"Conservatism, not Radicalism, threatens the free exchange of ideas, intellectual tolerance, and the life of the mind in Academia." - Herbert Shapiro
Wednesday, August 29, 2012
sam enderby•5 days ago An entertaining piece but I am wondering about a couple of things in the article. One, just how old was Mr. Moustaki when he visited Henry Miller in Brooklyn? I would have thought Mr. Miller left Brooklyn a long, long time ago, before Mr. Moustaki was even born. Miller often wrote about his Brooklyn days and if memory serves when he returned to America after living in Paris during the '30's it wasn't to Brooklyn he returned but to California. Second, and this is kind of weird but is that a photograph of Albert Speer on the bookshelf behind Mr. Moustaki?
Maybe its being unemployed for over two years that makes these foolish leaps into the BlogoSphere a sort of therapy
Oil On Canvas "PIAF" by JACQUELINE JOLLES
for me, a Kilroy moment if you will at my advancing age rather like a mid-life or later-in-life crisis Grafitti etched in the ether. This GeorgeMoustaki by the way wrote the lyrics for the famous EdithPiaf song, Milord, which was a big hit fifty years ago - I remember it being played a lot at the New York World's Fair in '64 particularly around the area where they sold those Belgium Waffles - and of course it still remains a real hand-clapper at assorted old-age and retirement entertainments. Curious the subject matter but nevertheless a catchy tune. I don't think many Amercian fans remember the lyric but the melody does linger. Anyway, these interplays do amuse me and probably cause my addressees to think me a little meshugga. The subject was featured in "The Tablet" -again ( see the Anna Breslaw riff a few blogs back). Although he did not write the article it was nice of Mr. Jakubowicz to respond. He probably thought now why would anybody want a photo of Albert Speer on their shelf. Who is this nut who thinks Serge is Speer? I think its interesting that a woman, Marguerite Monnot, wrote the music and Moustakis the words if only because of the suggestiveness, shall we say, of the theme. Still in all a fine tune. As a matter of fact as I was watching some of Mrs.Romney's speech last night I couldn't get the damn tune out of my head - it may be unfair (to say the least) but I often look upon candidate's wives as props, someone who more likely than not is pulled out of the shadows and thrust in the glare of the media spotlight because of some nebulous political propriety.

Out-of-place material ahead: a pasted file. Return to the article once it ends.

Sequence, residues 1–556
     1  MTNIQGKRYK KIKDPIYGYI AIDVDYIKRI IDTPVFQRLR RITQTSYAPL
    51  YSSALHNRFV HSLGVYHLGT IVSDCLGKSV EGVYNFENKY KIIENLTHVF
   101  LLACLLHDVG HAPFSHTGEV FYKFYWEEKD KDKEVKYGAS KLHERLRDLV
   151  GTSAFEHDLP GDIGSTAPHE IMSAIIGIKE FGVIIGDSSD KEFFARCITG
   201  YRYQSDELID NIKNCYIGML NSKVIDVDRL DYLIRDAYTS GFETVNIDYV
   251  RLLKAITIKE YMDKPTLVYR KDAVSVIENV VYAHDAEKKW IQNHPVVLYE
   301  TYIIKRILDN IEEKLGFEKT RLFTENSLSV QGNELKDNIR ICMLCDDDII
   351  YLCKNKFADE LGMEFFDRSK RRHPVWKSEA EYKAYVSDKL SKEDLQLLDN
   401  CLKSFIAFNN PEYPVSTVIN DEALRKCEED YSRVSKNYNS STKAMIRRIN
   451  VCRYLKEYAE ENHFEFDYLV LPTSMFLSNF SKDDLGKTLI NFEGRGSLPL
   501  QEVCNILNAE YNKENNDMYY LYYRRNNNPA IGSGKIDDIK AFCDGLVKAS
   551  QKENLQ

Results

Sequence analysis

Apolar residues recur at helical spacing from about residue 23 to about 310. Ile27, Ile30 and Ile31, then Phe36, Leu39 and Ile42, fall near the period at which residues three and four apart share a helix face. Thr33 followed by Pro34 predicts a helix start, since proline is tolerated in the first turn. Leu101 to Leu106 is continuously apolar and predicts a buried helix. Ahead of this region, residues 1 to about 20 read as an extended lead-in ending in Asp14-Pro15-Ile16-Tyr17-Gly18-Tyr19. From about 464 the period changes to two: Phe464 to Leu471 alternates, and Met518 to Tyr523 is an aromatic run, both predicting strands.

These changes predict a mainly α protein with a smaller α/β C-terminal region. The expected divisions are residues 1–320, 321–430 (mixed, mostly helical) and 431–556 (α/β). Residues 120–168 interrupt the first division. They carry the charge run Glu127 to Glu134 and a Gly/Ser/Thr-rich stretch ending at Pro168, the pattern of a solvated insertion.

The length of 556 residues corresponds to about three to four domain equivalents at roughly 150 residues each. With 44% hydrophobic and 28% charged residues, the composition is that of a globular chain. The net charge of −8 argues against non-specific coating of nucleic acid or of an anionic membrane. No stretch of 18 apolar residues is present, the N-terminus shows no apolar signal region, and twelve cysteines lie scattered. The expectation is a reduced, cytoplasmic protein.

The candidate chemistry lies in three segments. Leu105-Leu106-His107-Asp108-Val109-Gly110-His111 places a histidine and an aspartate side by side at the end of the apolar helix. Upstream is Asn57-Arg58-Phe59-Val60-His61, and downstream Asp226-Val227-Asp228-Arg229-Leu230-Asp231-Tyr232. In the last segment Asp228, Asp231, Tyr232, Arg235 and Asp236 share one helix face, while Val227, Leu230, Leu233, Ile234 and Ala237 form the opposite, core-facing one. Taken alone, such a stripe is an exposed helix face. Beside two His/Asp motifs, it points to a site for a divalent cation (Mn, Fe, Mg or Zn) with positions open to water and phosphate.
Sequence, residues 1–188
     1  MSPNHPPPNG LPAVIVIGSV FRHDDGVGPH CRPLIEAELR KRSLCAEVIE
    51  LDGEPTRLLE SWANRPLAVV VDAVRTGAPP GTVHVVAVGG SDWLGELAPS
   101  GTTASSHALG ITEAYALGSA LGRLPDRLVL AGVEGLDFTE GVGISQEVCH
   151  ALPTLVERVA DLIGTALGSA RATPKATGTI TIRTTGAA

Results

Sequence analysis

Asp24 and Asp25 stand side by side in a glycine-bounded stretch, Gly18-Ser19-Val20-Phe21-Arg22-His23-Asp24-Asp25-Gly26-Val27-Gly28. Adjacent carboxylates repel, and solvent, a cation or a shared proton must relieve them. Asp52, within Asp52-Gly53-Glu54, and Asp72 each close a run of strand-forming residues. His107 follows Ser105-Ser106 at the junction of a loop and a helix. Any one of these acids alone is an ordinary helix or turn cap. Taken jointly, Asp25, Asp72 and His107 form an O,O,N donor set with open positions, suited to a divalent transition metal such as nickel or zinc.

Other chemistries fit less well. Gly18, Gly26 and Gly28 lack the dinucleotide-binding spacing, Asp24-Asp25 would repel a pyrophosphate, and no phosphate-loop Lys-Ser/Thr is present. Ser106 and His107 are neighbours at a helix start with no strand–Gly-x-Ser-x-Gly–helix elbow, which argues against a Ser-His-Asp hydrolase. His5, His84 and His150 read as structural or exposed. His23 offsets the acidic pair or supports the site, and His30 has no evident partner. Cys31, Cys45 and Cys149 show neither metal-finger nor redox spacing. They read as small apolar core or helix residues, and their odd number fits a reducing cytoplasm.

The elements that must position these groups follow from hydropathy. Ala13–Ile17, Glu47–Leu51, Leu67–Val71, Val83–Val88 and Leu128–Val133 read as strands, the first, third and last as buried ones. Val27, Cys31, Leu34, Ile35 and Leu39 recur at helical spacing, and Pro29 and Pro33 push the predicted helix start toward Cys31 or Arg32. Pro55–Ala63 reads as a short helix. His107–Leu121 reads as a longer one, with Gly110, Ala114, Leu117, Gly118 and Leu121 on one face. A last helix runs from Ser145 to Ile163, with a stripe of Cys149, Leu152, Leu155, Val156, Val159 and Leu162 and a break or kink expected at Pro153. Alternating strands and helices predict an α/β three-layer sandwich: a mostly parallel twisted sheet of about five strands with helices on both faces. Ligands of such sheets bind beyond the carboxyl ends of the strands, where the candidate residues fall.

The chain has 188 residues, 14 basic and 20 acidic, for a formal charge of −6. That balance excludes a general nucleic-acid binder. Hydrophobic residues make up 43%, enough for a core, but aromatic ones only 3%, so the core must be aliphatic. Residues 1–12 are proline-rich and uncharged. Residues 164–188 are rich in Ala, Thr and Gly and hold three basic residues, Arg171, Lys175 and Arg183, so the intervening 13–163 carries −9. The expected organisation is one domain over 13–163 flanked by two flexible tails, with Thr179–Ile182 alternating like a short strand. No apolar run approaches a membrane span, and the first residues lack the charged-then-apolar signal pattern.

"Je qu'une ombre de la rue (I'm just a shadow of the street)."
But Mrs. R seemed up to the challenge announcing at the onset, " I cannot wait to see what we are going to all do together. This isgoing to be so exciting."
The music starts off a little jaunty, "Allez venez, Milord, vous asseoir a ma table ( Come along, Milord, sit at my table)".
There's something that sounds like an accordian or is that a concertina? Drumsticks beating time on the sidewalk? She will speak of Love. "I want to talk to you frommy heart about our hearts," she smiles to the delegates.
A piano faintly floats in behind the beat softly, insistent. "Et prenez bien vos aises vos peines sur mon coeur (and make yourself at ease your troubles on my heart)."
There may be horns quietly following. "Tonight," she starts to sing, "I want totalk to you about Love. I want to talk to you about the deep and abiding Love I have for a man I met at adance many years ago."
The voice stronger now, growing emphatic, melodious. "Lamour, ca fait pleurer comme quoi l'existence les chances pour les reprendre apres (Love makes one cry and Life gives you all your chances to take them back)."
She is singing passionately now, a hard throaty alto-like stress to the words, "I am not sure if men really understand this, but I don't think there is a woman in Amercia who really expects her life to be easy."
Yes, she sang this at the Republican Convention and it will be the only honestly heartfelt words spoken to the party that if elected would do everything they can to bring those words to fruition !
Back to the verse, quick, before the words sink in and they move you back to the shadows. "Laissez-vous faire, Milord, venez dans mon royaume (Relax, Milord, come into my kingdom)."
The piano is loud now each singular note a proclamation and the La's will start any second. "Mitt," the voice soaring now," would be the first to tell you that he is the most fortunate man in the world.
"Vous aviez le beau role on avrait dit le roi vous marchiez en vainqueur ( You were so beautiful, you could have been mistaken for a king, you were walking victoriously)."
There is some rhythmic clapping in the distance, the drum beats louder, the accordion ascends. She will promise that her man will not fail. "Je chante les milords (I sing about Milords)."